I have heard critics of religion in general, and Catholicism specifically, point with glee to the increasingly gray heads of congregations. By doing so, they hope to emphasize the irrelevance of the Church to the modern world. They reason that, since churches are not full of young people, it must mean that church no longer works for contemporary society. A church full of elderly folks indicates that the world has passed them by and they are just old fashioned, stuck-in-the-mud old people.
Yet, who do we typically turn to when seeking wisdom and experience? We look to those that have been through it all. We do not seek out the youthful and energetic among us. Youth and energy is not bad. However, the youthful tend to seek out their peers, until they require wisdom. Then they look for mentors to “show them the ropes.”
Why not go to those old people who still populate the pews and ask them why they are still there? Instead of assuming that church no longer “works,” why not assume that wisdom still resides there while so much youthful energy has been sidetracked by the siren song of fleeting pleasures that the world offers? Instead of saying, “Ha ha, look at all the foolish, irrelevant old people!” why not say, “Wow, look at all the old people! I wonder what keeps them there. Maybe they know something about life we arrogant youths have yet to learn!”
When I was a boy, my mother told me to watch for restaurants with lots of seniors. She said that seniors were generally good at discovering places that had decent food at reasonable prices because so often they were on a budget and were more careful with their health. Why not find a church with lots of seniors? They understand the value of life and they are more careful with their spiritual health. It is a shame that younger people will avoid a church simply because the congregation is predominantly seniors. To think that older people should be dictated by the whims of youth is an upside down perspective. How can youth learn from their elders if they avoid them?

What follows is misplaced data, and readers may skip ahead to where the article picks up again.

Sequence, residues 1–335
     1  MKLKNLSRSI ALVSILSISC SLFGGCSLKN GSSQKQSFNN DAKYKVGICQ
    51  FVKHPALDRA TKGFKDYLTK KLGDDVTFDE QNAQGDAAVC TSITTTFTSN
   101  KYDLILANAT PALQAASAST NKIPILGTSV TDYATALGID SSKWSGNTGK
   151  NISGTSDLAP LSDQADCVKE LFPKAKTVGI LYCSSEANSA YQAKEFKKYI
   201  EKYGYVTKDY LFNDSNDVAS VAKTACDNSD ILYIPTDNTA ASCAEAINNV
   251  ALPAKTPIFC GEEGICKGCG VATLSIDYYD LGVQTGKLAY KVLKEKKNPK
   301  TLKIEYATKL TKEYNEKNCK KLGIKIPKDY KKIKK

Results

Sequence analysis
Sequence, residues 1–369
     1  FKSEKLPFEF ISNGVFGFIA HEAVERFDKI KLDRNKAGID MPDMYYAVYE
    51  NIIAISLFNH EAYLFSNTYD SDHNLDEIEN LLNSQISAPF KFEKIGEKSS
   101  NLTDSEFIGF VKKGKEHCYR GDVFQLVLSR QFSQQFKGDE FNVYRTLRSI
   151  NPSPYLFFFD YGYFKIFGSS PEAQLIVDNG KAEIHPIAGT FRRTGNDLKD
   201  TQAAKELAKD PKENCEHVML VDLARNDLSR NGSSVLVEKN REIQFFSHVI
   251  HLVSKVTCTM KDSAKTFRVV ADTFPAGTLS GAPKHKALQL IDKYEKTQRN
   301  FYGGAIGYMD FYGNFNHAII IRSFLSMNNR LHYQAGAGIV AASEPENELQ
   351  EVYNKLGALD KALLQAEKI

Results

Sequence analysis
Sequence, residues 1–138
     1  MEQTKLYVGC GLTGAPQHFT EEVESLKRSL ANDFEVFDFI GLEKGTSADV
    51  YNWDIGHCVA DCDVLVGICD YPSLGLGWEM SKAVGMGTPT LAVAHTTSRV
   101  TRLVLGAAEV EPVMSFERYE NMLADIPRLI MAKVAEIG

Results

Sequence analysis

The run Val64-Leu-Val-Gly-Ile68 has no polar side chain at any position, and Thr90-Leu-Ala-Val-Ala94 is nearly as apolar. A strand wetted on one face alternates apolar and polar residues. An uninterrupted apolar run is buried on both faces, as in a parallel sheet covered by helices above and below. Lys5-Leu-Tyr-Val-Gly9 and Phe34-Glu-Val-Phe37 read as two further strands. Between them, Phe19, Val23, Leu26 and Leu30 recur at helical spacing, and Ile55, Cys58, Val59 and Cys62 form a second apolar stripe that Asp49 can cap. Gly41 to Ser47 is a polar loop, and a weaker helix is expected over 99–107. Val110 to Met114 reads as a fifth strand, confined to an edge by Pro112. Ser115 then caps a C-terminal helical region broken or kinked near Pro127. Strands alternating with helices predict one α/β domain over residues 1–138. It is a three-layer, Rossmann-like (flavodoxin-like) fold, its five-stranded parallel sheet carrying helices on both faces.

Think twice about going to a church just because it is lively, youthful and allegedly “relevant” to the person of today. As a Christian, just how “relevant” do you want to be to the world of today, anyway? The more youth there is the less wisdom likely resides there. Just because it feels good and has what you want doesn’t mean it has what you need. Obviously, age is not a guarantee of wisdom, but youth and energy is not a guarantee of truth, either. There is no substitute for experience. Our new 76 year old Pope Francis is a case in point.
When facing the battles of spiritual warfare in life, who do you want fighting beside you? Do you want to be surrounded only by clumsy, new recruits, or do you want to be with veterans that know their way around a battlefield? Imagine a new combat soldier saying, “I don’t like being in this company. Too many veterans.” Whatever struggle you may be facing, there is an older person that has been through it already. Personally, I want lots of experienced prayer warriors around me. I like seeing lots of old people in the Church. In fact, I hope to be one myself someday.
I loved this! I’ve been a member for years of a church full of seniors, and the common complaint or worry I hear from pastors of their churches is that there are no young people. This is such a fresh view of the older generation that has stuck with church!
Thanks, Meg. Maybe if we teach young people the value of their elders the “problem” will solve itself. Thanks for reading my blog.